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Non-dietary risk facotrs to develop gastric dilatation-volvulus
Gastric dilatation-volvulus (GDV) is the nightmare of all owners of large or giant dogs. Much is written about dietary risk factors. This study evaluated the data from more than 1600 large/giant dogs to find non-dietary risk factors. One surprising result: a raised feed bowl seems to incease the risk a lot!

The study was performed as a prospective cohort study. 1,637 dogs > or = 6 months old of the following breeds: Akita, Bloodhound, Collie, Great Dane, Irish Setter, Irish Wolfhound, Newfoundland, Rottweiler, Saint Bernard, Standard Poodle, and Weimaraner were included.

Owners of dogs that did not have a history of GDV were recruited at dog shows, and the dog`s length and height and the depth and width of its thorax and abdomen were measured. Information concerning the dog`s medical history, genetic background, personality, and diet was obtained from the owners, and owners were contacted by mail and telephone at approximately 1-year intervals to determine whether dogs had developed GDV or died. Incidence of GDV, calculated on the basis of dog-years at risk for dogs that were or were not exposed to potential risk factors, was used to calculate the relative risk of GDV.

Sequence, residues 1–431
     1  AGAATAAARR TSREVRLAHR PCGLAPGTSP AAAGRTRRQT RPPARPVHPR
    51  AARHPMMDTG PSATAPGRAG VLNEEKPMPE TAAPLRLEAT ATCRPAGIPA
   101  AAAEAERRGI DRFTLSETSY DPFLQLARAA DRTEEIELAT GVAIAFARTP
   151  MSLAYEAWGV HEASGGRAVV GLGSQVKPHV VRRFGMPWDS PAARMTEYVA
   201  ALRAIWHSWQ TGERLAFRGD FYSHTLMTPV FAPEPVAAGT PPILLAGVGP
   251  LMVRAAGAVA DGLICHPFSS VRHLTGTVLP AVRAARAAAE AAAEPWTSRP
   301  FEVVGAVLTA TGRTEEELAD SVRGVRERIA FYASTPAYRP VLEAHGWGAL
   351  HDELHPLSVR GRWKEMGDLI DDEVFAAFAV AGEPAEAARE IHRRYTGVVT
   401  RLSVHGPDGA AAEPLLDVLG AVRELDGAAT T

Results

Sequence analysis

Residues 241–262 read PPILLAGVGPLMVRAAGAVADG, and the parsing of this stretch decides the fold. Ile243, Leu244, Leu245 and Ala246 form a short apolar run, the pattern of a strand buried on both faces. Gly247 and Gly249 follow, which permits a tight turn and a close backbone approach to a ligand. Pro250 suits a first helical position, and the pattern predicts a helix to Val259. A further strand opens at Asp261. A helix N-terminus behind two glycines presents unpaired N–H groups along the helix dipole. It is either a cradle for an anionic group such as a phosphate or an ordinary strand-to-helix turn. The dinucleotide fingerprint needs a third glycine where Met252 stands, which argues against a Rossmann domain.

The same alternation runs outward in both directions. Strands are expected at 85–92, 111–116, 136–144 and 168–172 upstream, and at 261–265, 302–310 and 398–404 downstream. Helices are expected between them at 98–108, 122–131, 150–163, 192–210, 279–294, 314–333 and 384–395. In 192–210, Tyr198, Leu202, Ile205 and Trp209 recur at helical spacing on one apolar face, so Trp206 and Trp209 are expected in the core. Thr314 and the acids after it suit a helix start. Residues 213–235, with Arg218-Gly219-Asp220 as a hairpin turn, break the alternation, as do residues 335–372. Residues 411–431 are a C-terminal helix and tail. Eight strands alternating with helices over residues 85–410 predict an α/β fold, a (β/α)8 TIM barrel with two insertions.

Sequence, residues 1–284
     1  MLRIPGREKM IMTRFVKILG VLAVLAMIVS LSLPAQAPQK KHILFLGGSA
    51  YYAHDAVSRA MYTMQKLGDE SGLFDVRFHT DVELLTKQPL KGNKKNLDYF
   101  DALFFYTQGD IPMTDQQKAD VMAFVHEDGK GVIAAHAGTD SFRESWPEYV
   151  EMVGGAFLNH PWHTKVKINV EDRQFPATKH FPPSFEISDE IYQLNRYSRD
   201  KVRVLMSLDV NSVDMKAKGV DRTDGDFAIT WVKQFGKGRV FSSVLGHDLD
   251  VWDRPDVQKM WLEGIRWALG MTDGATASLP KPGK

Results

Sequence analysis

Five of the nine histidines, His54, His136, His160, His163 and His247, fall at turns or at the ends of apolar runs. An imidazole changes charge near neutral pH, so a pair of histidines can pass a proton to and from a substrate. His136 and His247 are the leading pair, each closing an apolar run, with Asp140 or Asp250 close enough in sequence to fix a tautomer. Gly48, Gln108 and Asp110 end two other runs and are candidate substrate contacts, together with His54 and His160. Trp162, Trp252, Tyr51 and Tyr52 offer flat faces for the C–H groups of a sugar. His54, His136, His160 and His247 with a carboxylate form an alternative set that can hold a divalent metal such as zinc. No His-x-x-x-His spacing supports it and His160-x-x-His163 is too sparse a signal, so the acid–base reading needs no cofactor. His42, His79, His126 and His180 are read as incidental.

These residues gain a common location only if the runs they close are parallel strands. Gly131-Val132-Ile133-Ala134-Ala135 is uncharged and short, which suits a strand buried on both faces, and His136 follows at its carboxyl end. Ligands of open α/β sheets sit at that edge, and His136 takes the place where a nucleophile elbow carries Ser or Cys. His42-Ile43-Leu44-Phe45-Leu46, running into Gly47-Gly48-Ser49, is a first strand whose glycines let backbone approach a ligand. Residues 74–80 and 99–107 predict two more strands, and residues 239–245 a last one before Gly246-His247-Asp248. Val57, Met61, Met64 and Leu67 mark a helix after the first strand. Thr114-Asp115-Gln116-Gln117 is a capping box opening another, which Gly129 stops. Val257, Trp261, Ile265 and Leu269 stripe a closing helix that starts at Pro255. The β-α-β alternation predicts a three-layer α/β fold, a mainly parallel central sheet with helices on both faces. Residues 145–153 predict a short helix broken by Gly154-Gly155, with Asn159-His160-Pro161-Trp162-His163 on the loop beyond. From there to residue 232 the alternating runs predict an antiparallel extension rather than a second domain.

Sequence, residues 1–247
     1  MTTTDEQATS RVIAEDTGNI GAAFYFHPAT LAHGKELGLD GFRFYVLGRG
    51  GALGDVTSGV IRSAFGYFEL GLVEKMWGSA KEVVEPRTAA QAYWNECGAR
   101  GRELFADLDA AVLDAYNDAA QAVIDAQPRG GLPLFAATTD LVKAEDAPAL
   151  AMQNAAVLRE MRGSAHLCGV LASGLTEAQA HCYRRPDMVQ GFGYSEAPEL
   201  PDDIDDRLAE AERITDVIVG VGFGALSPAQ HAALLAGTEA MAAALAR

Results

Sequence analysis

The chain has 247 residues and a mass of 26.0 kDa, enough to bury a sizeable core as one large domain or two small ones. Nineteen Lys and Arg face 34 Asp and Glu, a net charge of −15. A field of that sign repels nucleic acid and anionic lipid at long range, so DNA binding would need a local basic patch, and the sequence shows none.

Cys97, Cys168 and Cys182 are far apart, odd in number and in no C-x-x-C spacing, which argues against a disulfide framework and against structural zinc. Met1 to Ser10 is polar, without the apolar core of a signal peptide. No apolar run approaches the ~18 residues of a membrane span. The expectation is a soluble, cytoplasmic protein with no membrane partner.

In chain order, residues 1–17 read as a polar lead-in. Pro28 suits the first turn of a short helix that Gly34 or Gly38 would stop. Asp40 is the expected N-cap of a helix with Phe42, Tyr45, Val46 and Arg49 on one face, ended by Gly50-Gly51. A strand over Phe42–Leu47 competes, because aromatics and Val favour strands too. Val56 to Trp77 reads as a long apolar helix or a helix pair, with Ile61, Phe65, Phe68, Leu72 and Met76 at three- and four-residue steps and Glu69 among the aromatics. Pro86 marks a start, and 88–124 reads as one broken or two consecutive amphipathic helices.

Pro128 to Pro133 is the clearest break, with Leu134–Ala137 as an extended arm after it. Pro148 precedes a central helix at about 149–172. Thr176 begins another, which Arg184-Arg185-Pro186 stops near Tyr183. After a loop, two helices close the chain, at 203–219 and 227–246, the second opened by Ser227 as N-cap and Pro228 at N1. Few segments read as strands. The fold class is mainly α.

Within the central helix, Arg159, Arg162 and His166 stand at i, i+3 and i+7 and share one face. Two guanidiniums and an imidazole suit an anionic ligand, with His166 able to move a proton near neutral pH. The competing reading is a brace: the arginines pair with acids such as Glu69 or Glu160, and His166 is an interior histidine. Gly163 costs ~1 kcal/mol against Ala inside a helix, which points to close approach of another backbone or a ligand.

Cumulative incidence of GDV during the study was 6% for large breed and giant breed dogs. Factors significantly associated with an increased risk of GDV were increasing age, having a first-degree relative with a history of GDV, having a faster speed of eating, and having a raised feeding bowl.
Approximately 20 and 52% of cases of GDV among the large breed and giant breed dogs, respectively, were attributed to having a raised feed bowl.


Source: Glickman LT, Glickman NW, Schellenberg DB, Raghavan M, Lee T (2000): Non-dietary risk factors for gastric dilatation-volvulus in large and giant breed dogs. In: J Am Vet Med Assoc 2000 Nov 15;217(10):1492-9



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SMALL ANIMAL PRACTICE

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